It was a beautiful poem of the most dangerous ideas: that the universe functions without the aid of gods, that religious fear is damaging to…


Who am I?

I grew up in Bordeaux, a city that became prominent during the eighteenth century. My hometown inspired my love of eighteenth-century French studies, which led me to the Sorbonne, then to Yale University where I earned a PhD. Today, I am an Associate Professor at The Ohio State University. I am the author of eight novels and monographs published in France and the US, including American Pandemonium, Posthumous America, and Sentinel Island. My work explores numerous genres to question a number of recurring themes: exile and the representation of otherness; nostalgia and the experience of bereavement; the social impact of new technologies; America’s history and its troubled present.


I wrote...

The Paradoxes of Posterity

By Benjamin Hoffmann, Alan J. Singerman (translator),

Book cover of The Paradoxes of Posterity

What is my book about?

Why do people write? It has everything to do with being remembered by posterity. The Paradoxes of Posterity argue that the impetus for literary creation comes from a desire to transcend the mortality of the human condition through a work addressed to future generations. Refusing to turn their hope towards the spiritual immortality promised by religious systems, authors seek a symbolic form of perpetuity granted to the intellectual side of their person in the memory of those not yet born while they write.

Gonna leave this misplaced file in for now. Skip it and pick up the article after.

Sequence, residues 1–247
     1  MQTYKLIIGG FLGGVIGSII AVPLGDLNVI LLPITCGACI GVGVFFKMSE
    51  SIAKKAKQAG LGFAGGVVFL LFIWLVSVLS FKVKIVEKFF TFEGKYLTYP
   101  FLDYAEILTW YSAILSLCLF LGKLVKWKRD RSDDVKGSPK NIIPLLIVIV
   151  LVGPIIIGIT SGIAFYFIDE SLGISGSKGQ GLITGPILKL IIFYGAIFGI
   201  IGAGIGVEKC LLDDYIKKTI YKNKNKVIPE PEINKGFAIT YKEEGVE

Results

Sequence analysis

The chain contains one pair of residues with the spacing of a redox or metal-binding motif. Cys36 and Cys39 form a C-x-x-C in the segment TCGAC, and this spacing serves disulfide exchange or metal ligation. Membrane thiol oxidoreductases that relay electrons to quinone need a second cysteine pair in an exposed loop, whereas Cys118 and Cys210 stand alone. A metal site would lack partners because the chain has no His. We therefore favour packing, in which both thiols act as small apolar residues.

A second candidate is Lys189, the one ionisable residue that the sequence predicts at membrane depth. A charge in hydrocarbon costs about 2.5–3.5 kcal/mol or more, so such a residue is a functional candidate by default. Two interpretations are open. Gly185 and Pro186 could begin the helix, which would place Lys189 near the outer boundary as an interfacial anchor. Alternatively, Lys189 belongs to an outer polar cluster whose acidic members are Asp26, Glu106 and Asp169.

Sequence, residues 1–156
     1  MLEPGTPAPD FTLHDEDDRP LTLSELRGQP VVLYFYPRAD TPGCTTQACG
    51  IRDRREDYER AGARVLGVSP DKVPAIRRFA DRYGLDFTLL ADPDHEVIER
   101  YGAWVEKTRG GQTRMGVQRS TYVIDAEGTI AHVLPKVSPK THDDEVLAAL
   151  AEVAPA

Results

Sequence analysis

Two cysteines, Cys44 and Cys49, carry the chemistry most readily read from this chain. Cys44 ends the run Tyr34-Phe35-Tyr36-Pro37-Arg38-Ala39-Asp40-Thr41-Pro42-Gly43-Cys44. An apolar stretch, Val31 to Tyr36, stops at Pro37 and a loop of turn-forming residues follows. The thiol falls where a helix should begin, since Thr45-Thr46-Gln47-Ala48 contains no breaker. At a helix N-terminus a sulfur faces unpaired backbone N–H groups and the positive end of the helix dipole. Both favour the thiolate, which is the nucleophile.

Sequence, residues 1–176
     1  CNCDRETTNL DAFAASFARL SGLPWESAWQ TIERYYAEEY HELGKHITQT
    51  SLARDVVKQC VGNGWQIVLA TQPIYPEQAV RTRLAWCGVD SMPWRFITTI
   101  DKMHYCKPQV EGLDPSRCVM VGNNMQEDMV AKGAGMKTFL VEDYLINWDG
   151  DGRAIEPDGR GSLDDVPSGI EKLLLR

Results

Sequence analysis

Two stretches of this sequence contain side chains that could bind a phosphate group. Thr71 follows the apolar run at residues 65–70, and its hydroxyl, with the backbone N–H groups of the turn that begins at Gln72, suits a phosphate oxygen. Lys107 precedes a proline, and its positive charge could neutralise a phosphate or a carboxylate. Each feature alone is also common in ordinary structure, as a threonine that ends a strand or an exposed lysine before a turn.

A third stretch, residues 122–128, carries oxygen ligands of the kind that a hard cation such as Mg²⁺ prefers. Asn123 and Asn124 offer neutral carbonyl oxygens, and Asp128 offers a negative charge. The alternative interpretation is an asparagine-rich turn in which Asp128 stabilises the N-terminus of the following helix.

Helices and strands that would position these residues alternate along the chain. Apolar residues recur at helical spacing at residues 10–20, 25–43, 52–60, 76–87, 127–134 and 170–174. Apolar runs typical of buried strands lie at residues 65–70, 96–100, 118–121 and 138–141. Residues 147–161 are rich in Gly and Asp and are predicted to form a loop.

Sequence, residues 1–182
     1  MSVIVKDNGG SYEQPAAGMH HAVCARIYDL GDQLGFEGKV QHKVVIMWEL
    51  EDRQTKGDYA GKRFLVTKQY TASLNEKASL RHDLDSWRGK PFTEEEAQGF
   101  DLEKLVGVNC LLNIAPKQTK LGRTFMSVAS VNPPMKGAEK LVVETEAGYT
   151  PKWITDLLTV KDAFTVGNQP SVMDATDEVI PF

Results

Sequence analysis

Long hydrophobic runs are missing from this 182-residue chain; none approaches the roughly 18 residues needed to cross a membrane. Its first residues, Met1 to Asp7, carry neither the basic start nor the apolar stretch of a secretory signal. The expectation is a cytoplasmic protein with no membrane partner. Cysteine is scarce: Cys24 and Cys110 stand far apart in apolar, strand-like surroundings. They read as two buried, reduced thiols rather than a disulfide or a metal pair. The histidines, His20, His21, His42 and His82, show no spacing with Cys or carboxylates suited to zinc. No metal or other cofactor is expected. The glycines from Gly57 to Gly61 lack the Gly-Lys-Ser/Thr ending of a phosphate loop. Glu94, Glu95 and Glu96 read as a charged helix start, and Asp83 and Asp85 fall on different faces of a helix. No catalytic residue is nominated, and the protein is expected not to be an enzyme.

Benjamin Hoffmann illuminates the paradoxes inherent in the search for symbolic immortality: paradoxes of belief, identity, and mediation. Theoretically sophisticated and convincingly argued, this book contends that there is only one truly serious literary problem: the transmission of texts to posterity. 

Nothing Like the Sun

By Anthony Burgess,

Book cover of Nothing Like the Sun: A Story of Shakespeare's Love-Life

Readers will either be drawn to this book by a novelist who studied Shakespeare in depth or put off by Burgess’ language. His wordplay is quite mad at times, especially when ‘WS’—Will Shakespeare—is drunk. No contemporary novelist would likely create such a mixture of Elizabethan and modern English. Despite Burgess’ knowledge of Shakespeare’s life and works, much of the plot is fanciful. However, his daring is encouraging, his imagination freeing. I never considered writing a book where Shakespeare speaks, but Nothing Like the Sun suggests, why not? Many biographies seem fictional in their guesswork; Burgess’ vitality and imagination outshine the strictly biographical. I found his ground-breaking work inspiring, and it’s a bawdy lark for readers who persevere!